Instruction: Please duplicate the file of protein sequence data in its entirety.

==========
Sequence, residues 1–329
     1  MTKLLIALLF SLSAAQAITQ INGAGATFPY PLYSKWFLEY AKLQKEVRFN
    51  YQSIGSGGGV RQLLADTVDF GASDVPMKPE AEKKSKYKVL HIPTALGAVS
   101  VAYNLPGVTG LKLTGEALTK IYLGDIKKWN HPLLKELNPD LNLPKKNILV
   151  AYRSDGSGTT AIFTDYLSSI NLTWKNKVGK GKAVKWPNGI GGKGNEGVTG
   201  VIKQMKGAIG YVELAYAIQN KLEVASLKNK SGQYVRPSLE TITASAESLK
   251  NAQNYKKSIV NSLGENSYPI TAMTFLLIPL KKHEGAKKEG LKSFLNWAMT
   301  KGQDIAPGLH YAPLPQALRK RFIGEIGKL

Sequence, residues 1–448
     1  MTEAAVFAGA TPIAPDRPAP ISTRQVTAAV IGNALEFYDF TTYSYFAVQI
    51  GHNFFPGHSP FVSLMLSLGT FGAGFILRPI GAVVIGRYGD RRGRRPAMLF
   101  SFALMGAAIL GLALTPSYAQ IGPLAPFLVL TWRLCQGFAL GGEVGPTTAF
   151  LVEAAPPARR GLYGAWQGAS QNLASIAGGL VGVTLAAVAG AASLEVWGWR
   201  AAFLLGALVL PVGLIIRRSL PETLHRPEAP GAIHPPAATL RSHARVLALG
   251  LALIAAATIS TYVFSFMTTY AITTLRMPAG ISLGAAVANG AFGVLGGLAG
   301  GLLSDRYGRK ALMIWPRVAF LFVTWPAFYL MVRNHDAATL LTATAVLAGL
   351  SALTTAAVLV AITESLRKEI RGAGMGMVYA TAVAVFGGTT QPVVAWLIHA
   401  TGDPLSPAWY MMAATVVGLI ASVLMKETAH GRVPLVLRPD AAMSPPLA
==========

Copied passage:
Sequence, residues 1–329
     1  MTKLLIALLF SLSAAQAITQ INGAGATFPY PLYSKWFLEY AKLQKEVRFN
    51  YQSIGSGGGV RQLLADTVDF GASDVPMKPE AEKKSKYKVL HIPTALGAVS
   101  VAYNLPGVTG LKLTGEALTK IYLGDIKKWN HPLLKELNPD LNLPKKNILV
   151  AYRSDGSGTT AIFTDYLSSI NLTWKNKVGK GKAVKWPNGI GGKGNEGVTG
   201  VIKQMKGAIG YVELAYAIQN KLEVASLKNK SGQYVRPSLE TITASAESLK
   251  NAQNYKKSIV NSLGENSYPI TAMTFLLIPL KKHEGAKKEG LKSFLNWAMT
   301  KGQDIAPGLH YAPLPQALRK RFIGEIGKL

Sequence, residues 1–448
     1  MTEAAVFAGA TPIAPDRPAP ISTRQVTAAV IGNALEFYDF TTYSYFAVQI
    51  GHNFFPGHSP FVSLMLSLGT FGAGFILRPI GAVVIGRYGD RRGRRPAMLF
   101  SFALMGAAIL GLALTPSYAQ IGPLAPFLVL TWRLCQGFAL GGEVGPTTAF
   151  LVEAAPPARR GLYGAWQGAS QNLASIAGGL VGVTLAAVAG AASLEVWGWR
   201  AAFLLGALVL PVGLIIRRSL PETLHRPEAP GAIHPPAATL RSHARVLALG
   251  LALIAAATIS TYVFSFMTTY AITTLRMPAG ISLGAAVANG AFGVLGGLAG
   301  GLLSDRYGRK ALMIWPRVAF LFVTWPAFYL MVRNHDAATL LTATAVLAGL
   351  SALTTAAVLV AITESLRKEI RGAGMGMVYA TAVAVFGGTT QPVVAWLIHA
   401  TGDPLSPAWY MMAATVVGLI ASVLMKETAH GRVPLVLRPD AAMSPPLA